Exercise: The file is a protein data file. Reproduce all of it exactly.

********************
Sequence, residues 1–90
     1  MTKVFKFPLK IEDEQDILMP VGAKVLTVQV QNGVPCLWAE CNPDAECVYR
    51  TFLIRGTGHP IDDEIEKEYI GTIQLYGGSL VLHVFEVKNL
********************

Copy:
Sequence, residues 1–90
     1  MTKVFKFPLK IEDEQDILMP VGAKVLTVQV QNGVPCLWAE CNPDAECVYR
    51  TFLIRGTGHP IDDEIEKEYI GTIQLYGGSL VLHVFEVKNL